Milley says the Taliban had 6,000 troops in Kabul and that the United States would have incurred “significant” casualties if it had extended its withdrawal deadline past Aug. 31.

“If we’d stayed another week or two or three, then it’s likely there would have been another attack that killed American service members. Is that what you’re saying?” Sen. Elizabeth Warren (D-Mass.) asked.

“I would say that that is a near certainty,” Milley replied.

Intelligence suggests the Taliban did not allow an Islamic State-linked militant to slip by airport security measures and detonate explosives in the Aug. 26 Islamic State-Khorasan suicide bombing attack that killed at least 170 Afghans and 13 U.S. troops in Kabul, McKenzie said, adding that Taliban cooperation aided the evacuation effort.

“I believe they actually prevented other attacks from occurring,” McKenzie said of the Taliban, noting his “disdain” for the militants who seized Afghanistan.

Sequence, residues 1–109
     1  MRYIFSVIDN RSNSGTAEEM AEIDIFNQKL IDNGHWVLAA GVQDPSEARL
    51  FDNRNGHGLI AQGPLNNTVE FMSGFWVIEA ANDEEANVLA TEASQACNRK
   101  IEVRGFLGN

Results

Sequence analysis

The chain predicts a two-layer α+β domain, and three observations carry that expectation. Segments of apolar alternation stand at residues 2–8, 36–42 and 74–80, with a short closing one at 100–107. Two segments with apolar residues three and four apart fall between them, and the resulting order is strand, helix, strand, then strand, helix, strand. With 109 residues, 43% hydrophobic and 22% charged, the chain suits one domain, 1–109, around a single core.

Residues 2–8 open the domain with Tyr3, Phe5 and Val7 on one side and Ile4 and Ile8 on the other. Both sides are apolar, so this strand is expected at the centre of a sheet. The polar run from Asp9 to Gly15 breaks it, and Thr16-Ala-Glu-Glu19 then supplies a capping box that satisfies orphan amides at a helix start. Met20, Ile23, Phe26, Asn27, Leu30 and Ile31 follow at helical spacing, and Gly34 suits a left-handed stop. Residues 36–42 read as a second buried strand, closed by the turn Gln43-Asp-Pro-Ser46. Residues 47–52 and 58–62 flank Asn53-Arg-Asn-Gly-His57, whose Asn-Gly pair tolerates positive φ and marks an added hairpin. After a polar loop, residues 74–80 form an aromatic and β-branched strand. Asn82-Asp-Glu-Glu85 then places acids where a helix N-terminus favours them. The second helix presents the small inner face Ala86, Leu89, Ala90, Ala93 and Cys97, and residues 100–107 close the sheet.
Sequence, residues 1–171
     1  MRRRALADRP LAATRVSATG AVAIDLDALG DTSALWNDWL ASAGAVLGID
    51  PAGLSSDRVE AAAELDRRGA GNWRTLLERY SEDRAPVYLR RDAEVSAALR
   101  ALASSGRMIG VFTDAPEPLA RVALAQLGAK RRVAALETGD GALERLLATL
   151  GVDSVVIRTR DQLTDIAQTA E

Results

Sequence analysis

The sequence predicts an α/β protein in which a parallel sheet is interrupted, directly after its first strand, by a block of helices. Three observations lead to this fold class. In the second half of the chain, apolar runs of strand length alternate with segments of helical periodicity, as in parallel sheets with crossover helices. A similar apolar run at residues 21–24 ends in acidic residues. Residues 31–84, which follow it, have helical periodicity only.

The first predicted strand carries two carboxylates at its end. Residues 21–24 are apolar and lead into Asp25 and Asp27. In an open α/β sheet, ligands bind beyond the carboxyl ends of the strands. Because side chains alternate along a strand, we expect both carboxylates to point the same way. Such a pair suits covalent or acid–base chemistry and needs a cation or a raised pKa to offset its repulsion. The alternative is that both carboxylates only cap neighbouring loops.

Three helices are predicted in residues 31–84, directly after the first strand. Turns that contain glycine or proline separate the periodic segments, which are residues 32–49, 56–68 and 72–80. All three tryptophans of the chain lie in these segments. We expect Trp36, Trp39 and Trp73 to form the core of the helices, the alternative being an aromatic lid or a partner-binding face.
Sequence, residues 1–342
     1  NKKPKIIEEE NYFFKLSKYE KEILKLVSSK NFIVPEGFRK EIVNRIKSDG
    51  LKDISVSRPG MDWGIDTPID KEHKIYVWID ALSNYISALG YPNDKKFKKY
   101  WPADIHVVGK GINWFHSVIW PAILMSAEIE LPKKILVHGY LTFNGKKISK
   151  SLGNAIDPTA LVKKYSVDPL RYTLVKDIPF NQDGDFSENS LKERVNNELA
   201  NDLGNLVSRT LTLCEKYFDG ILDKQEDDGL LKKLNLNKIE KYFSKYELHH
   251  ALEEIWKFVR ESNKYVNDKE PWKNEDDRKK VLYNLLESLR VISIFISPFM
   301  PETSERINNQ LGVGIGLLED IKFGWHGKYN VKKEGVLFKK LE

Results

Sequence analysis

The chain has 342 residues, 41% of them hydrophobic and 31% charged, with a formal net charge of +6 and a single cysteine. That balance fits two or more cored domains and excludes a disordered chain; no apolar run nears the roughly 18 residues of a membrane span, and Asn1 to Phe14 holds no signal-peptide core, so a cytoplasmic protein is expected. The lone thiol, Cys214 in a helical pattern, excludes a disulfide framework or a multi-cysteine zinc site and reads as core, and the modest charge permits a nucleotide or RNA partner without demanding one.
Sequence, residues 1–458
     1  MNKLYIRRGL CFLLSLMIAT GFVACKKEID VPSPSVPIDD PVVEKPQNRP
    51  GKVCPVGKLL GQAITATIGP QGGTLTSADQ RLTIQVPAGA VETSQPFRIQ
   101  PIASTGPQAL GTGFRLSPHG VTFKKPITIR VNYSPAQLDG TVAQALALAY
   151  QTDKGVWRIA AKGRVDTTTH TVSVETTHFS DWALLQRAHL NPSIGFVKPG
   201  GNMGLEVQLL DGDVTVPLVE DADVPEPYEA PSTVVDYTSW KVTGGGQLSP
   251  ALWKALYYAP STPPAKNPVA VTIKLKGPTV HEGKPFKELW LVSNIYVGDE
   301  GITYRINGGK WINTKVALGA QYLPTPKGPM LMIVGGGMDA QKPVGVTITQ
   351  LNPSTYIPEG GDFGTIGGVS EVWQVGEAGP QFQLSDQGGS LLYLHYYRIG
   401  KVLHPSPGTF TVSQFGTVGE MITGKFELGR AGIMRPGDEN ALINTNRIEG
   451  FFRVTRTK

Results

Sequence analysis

The U.S. military chiefs were divided over whether the Afghanistan evacuation and the attendant mistakes had damaged the credibility of the United States in the world.

'I think that our credibility with allies and partners around the world and with adversaries is being intensely reviewed by them,” said Milley. “And I think ‘damage’ is one word that could be used. Yes. Yes.'

Austin said “I think our credibility remains solid,” but conceded that “clearly … there will be people who question things going forward.” — John Wagner, Eugene Scott, Karoun Demirjian, Alex Horton and Felicia Sonmez

Read more: Military leaders wanted U.S. contingent force in Afghanistan; fall of Kabul led to full withdrawal

1,000 Words

After nearly two weeks, the eruptions on La Palma, one of Spain’s Canary Islands near Morocco, show no signs of stopping as lava and smoke spills out, destroying homes, infrastructure and livelihoods. Experts fear what could happen if the flaming rock makes it into the ocean, resulting in possible dangerous chemical reactions releasing acidic steam and gas, as well as tiny pieces of volcanic glass into the air. (Nacho Doce/Reuters)